University of Art and Design Linz, Interface Cultures


A call to fiction and to new translation processes of our reality

Curators: Manuela Naveau (AT), Fabricio Lamoncha (ES), Maša Jazbec (SI)

“Is it possible that reality not only overtakes fiction, but precedes it, even anticipates it, in order to repair the damage that fiction will do in the first place?”
Umberto Eco, The Foucault Pendulum

We are told: Our world is changing, our ideas and needs are changing and we are changing. Dystopian visions of our future life on this planet face optimistic, mostly technology-driven promises of salvation and we are right in the middle, driven by powers and markets, desperately trying to orient ourselves.

Lev Manovich postulated at the beginning of the new millennium that we should turn to computer science to understand the logic of the new media, the new logic of our world. He already introduced the concept of “cultural transcoding” and referred to the universal possibilities of language, translation and interpretation that computer codes provide in connection with corresponding devices and also to the cultural new conception that manifests itself through our thinking and language on the basis of ontology, epistemology and pragmatics of the computer. Manovich wrote his book “The Language of New Media” in a pre-Smartphone era. The question that arises almost twenty years later is: What importance is (still) given to transcoding, translating, transforming? In other words: do we transcode because we want to and because we develop the tools ourselves, or are we manipulated in this direction with superior tools?

Transcoding, a term from computer science, is the invitation to our exhibition of young artists from the Interface Cultures department of Art University Linz on the one hand and to a possible active transformation of our thinking, functioning and “fictioning” on the other. Because transcoding in the conventional sense means the direct conversion from one digital coding to another, which usually does not take place without loss. But doesn’t loss mean a limited way of seeing? A view based, for example, on values such as “the original”, “the first and true”? What if we engage in a transformation process that respects the original but greatly appreciates the benefits of the new readability of the converted content? To what extent should a transformation not also question existing dispositives and not condition transcoding processes as well as imagination, the courage to fiction and the abandonment of reality and its security norms? Referring to Umberto Eco’s cynical opening statement: Yes, it is possible! Because we trust in anticipatory knowledge and are subject to the misbelief of having to correct everything in advance that could happen to us in the future. We sacrifice our imagination to a dead end reality and feel at the same time empowered to do so. But don’t we need fictions, illusions and thought constructions that can only be based on newly translated realities?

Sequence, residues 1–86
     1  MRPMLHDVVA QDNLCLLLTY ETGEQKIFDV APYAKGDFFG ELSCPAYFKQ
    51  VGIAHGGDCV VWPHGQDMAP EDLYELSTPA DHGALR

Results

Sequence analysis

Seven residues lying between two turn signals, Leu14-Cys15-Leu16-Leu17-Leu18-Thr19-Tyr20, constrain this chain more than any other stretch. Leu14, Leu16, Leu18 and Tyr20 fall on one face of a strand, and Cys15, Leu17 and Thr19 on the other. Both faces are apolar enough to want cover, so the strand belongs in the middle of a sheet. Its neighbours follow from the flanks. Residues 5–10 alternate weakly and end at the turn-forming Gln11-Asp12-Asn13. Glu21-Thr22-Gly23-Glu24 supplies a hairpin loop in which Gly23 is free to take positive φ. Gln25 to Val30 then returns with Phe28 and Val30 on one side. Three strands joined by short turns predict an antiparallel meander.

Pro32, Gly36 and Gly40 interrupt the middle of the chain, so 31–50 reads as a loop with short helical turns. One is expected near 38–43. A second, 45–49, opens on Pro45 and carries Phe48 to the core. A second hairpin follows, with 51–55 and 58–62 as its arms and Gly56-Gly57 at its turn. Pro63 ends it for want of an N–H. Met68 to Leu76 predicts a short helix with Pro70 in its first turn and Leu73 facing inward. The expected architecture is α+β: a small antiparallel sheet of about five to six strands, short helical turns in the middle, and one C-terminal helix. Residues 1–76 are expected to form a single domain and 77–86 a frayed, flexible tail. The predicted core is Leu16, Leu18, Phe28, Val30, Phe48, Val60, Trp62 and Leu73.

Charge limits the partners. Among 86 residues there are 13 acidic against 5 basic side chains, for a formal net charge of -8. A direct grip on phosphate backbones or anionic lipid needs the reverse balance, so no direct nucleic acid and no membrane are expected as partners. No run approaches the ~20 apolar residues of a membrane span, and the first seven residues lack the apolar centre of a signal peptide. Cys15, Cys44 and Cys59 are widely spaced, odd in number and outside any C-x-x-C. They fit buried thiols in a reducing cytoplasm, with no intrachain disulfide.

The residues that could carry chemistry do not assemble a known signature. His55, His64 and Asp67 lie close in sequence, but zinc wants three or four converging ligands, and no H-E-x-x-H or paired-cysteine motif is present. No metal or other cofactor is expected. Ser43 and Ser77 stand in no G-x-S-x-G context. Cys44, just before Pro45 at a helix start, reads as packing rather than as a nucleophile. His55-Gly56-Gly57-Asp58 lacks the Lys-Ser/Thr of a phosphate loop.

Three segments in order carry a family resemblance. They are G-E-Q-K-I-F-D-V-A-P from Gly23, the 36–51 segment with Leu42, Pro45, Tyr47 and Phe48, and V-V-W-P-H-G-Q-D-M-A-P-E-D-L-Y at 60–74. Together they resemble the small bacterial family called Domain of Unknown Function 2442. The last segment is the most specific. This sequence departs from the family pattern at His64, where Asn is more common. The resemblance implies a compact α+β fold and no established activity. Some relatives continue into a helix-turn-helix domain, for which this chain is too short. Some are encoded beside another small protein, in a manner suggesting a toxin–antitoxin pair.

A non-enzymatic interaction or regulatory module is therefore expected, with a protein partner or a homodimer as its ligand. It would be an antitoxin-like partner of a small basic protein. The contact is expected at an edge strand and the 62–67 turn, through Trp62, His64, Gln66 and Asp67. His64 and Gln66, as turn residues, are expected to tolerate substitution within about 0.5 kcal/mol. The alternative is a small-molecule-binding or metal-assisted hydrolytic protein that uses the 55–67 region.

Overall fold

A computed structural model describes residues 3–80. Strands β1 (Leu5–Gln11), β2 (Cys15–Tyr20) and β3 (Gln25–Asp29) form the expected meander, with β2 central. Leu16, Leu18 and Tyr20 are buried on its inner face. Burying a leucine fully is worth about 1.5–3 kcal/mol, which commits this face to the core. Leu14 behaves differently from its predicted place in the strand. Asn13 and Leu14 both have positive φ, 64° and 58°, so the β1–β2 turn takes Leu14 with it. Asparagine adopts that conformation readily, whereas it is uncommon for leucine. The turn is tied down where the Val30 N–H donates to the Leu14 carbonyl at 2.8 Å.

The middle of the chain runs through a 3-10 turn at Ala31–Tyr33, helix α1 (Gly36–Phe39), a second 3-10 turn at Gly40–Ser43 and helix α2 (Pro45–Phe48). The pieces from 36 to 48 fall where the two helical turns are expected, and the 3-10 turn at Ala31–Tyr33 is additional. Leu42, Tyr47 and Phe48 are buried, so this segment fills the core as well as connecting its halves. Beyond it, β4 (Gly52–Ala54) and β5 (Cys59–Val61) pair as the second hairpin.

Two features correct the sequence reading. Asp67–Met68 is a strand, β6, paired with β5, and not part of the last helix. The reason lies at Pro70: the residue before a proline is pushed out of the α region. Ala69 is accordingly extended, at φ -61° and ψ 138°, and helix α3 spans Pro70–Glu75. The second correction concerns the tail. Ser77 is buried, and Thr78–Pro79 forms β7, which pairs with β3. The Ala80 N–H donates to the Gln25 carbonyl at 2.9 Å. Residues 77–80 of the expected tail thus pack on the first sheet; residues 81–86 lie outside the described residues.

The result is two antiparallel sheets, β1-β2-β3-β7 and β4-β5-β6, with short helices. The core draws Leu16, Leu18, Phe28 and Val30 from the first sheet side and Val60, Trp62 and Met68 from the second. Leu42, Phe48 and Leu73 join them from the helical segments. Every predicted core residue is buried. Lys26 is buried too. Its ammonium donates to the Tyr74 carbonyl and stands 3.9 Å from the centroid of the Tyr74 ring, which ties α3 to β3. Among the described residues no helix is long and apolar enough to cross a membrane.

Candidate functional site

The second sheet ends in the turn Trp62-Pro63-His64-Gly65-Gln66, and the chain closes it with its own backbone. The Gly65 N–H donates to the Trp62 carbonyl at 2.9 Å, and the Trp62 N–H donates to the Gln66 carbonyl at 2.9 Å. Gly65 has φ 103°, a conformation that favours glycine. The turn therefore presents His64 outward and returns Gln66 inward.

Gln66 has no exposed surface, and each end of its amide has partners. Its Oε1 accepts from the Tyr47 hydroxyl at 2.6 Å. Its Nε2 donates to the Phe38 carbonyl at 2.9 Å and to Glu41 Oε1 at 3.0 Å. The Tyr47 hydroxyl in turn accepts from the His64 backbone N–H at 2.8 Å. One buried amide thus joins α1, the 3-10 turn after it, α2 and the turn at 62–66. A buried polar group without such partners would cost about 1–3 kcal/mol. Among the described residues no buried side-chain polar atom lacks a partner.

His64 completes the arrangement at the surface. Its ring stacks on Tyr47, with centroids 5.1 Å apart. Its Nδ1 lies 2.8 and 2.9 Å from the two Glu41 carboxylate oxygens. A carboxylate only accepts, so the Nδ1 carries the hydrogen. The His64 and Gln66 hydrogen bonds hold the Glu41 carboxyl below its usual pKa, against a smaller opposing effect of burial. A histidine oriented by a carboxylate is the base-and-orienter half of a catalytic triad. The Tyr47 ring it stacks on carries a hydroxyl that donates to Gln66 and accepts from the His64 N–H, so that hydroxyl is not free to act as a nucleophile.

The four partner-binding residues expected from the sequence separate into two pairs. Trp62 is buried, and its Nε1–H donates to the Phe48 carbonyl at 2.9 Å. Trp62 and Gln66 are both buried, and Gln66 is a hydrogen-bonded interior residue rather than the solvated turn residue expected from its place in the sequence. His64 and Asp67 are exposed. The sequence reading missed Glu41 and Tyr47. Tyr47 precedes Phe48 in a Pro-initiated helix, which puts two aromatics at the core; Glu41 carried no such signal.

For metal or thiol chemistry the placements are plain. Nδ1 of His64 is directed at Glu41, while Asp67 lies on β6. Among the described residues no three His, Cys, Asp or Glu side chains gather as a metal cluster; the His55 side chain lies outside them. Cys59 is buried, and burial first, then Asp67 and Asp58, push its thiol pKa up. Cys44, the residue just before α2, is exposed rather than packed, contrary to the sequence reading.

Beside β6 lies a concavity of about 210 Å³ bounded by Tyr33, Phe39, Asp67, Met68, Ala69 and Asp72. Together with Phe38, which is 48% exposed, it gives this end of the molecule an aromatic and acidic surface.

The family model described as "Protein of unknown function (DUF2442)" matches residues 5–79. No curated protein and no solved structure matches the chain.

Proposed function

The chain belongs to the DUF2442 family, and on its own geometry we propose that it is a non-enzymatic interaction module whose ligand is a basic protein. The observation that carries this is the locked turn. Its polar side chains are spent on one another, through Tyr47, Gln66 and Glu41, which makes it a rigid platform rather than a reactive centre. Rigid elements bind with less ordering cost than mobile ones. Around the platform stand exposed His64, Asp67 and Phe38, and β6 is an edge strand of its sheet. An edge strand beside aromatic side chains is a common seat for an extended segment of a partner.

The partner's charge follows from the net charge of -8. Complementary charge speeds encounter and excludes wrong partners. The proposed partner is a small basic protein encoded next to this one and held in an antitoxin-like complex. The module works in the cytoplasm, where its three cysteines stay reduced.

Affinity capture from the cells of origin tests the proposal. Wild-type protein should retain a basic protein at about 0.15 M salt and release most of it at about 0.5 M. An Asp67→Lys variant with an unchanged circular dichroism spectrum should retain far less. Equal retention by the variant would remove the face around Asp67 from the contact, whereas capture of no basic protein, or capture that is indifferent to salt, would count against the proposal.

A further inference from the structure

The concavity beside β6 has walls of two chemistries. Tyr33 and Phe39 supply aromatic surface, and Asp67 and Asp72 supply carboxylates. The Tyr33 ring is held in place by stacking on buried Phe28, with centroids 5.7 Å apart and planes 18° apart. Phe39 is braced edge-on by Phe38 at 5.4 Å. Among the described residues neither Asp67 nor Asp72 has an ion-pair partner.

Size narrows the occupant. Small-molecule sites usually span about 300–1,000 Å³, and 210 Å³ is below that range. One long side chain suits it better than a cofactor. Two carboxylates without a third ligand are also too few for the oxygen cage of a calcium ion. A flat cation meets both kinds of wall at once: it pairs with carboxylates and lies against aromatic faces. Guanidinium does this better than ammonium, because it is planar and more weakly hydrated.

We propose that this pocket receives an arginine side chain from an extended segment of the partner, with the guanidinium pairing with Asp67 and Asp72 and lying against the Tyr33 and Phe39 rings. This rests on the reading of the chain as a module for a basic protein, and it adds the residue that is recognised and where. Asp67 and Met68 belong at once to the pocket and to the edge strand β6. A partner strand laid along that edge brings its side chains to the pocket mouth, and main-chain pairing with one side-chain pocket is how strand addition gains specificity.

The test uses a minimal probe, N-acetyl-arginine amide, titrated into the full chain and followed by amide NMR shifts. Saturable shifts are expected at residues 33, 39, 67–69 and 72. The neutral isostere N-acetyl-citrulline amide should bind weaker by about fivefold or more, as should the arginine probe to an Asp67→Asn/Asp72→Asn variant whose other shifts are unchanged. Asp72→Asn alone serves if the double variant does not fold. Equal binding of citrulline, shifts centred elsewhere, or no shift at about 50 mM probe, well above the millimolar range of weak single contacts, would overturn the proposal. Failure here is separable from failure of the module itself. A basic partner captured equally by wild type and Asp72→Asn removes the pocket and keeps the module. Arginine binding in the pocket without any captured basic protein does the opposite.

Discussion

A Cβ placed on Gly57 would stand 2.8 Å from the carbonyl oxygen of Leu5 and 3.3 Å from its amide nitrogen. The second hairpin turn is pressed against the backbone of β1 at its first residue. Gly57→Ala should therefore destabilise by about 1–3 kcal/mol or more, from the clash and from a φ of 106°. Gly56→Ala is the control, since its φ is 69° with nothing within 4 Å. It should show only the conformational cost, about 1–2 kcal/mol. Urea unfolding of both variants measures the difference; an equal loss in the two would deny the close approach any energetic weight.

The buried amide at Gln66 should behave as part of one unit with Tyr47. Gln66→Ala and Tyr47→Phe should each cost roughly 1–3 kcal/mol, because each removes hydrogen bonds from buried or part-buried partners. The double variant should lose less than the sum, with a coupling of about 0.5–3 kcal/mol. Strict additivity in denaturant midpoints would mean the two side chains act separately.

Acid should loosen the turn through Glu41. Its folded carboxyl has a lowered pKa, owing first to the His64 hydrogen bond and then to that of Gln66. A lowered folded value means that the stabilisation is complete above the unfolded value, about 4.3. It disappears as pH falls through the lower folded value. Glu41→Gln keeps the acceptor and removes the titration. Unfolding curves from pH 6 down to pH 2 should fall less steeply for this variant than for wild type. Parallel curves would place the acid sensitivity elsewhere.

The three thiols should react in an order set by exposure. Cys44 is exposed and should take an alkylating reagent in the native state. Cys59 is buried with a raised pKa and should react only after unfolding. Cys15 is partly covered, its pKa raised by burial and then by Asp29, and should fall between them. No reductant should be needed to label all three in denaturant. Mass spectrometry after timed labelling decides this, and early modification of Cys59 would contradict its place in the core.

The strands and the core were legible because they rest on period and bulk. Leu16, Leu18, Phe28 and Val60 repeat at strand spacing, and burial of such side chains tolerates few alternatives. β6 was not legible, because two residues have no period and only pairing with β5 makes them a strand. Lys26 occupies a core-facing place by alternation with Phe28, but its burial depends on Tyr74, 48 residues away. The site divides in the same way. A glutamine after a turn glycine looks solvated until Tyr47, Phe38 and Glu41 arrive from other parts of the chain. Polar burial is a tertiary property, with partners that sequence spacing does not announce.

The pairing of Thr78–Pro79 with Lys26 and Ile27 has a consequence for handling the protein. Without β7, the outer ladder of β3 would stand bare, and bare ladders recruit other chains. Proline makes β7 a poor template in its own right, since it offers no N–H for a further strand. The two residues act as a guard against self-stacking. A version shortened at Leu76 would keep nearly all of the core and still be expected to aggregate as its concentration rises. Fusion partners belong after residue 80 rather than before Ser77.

Knowing that technology will not save our world, we call for unsecured transcode! The Interface Culture Department of the Linz University of Art and Design is celebrating its 15th anniversary within the 40th anniversary of the Ars Electronica Festival. Reason enough to embark on a comprehensive transformation process and to examine processes of transcoding in particular and in general in the form of an exhibition, performances and presentations as well as discursive approaches.